*According to the analysis carried out by RepuTex, value-chain costs by sector indicate that despite having the lowest exposure to a direct carbon price, consumer discretionary and telecommunications companies could potentially have the highest overall annual carbon liability due to high supply-chain cost exposure. The level of indirect exposure for each company is assessed by reference to pricing power and market positioning. (Source: RepuTex)
Research undertaken by RepuTex on the carbon exposure of S&P ASX 200 industries indicates that the financial impacts of a carbon price will vary from sector to sector, with heavy industries such as aluminium facing a high direct permit liability, as well as electricity cost increases. However unsuspecting sectors are also likely to be highly exposed, for example, it is anticipated that revenue loss will be significant for traditionally low impact sectors such as Consumer Staples. Companies within this sector often have a highly carbon intensive supply chain, often in Asia, which entails packaging and transport and as a result companies may face serious carbon liabilities due to carbon costs being passed through the value chain from their upstream vendors.
The onus is thus on company CEOs to put in place strategic measures to ensure that the operating and competitive environments of companies are not negatively affected by carbon pricing.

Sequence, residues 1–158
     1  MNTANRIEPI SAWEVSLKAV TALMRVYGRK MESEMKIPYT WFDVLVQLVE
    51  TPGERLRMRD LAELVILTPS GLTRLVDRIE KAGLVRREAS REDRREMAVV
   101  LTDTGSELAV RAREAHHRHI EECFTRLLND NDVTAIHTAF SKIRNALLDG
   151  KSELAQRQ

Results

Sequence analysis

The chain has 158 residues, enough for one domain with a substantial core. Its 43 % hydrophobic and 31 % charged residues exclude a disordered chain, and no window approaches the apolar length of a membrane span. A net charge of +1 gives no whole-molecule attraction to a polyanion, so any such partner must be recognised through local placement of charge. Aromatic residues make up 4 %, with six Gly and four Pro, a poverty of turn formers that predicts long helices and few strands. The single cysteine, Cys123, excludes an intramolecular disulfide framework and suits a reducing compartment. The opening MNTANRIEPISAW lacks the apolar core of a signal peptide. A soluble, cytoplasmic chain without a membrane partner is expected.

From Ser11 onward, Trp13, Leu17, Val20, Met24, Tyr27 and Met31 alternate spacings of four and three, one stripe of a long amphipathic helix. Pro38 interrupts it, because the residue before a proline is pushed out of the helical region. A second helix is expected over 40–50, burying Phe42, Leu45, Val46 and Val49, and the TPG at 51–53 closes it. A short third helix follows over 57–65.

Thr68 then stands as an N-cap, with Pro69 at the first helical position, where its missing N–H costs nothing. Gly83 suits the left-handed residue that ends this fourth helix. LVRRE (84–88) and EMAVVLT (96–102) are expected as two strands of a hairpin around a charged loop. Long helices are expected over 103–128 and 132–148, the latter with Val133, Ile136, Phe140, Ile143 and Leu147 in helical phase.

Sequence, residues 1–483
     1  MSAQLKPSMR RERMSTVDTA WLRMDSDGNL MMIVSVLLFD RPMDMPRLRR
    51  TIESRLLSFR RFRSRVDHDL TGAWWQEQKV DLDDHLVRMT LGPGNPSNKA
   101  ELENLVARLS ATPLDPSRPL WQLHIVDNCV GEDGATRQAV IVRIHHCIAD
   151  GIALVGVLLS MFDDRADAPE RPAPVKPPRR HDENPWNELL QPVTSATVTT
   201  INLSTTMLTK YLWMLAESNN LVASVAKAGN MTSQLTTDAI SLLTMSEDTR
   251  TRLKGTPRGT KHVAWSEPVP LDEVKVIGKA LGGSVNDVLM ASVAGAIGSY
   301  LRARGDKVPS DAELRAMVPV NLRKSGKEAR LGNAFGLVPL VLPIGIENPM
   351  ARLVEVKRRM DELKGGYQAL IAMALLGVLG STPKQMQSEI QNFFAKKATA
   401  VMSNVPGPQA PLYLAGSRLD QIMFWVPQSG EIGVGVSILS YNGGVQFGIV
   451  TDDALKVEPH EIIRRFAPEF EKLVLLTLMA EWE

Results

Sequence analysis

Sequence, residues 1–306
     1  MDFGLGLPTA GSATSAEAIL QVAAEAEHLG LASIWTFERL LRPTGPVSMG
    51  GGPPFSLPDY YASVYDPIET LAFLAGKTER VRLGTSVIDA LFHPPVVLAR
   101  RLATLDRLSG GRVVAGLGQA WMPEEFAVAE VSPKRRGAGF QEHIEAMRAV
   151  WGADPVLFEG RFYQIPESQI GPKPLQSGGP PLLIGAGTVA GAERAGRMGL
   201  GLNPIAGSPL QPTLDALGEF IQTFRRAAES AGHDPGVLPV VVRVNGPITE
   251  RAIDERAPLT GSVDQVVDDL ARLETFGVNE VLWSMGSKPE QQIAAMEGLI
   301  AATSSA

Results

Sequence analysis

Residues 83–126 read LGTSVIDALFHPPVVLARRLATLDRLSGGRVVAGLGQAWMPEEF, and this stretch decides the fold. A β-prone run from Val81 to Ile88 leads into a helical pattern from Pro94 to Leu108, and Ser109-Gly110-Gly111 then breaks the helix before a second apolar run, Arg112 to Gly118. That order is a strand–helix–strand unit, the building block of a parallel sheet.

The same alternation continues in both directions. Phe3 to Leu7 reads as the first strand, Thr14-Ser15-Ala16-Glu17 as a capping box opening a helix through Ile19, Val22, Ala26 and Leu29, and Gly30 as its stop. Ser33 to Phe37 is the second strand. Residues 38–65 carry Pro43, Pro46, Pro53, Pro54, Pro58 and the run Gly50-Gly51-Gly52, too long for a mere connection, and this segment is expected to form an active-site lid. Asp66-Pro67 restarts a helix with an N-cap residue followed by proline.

Strategy can entail the implementation of emissions abatement policies as well as carbon trading and hedging strategies. In addition to addressing carbon business risks, prudent company operators should be aware of the ample opportunities that a carbon price can present such as via competitive product pricing, investments in clean technology and international or domestic offset projects as well as development of carbon efficient products and services. Ironically, many CEOs don’t have the knowledge they need to build effective strategies and construct opportunities around the carbon agenda.
The recent two-week United Nations climate conference in Cancun, Mexico has again brought to the fore the comprehensive range of economic and social climate change issues that government policy makers and business leaders face. Each country, indeed, each company too, faces a unique situation that requires very careful consideration, a formidable task for business and policy leaders. From an Asian ‘developing economy’ perspective, not surprisingly, all eyes continue to be on China, many argue that China is rapidly building a range of carbon initiatives to show direction at national level, particularly through its network of municipal governments.
Ultimately conferences like Cancun, and others to follow, contribute to building definitions. Ironically we are now seeing many companies actively seeking greater definition on carbon, they are clearly able to recognise the importance of definitions which will in turn provide the important foundations from which strategies can be built. ■
*Martha Grossman is the Director, Asia, for RepuTex. Over the past five years, Martha has been based in both Shanghai and Hong Kong where she has led research into developing risk models for global companies, government organisations and financial markets, focusing on the pricing of environmental and sustainability related factors relevant to Asian markets.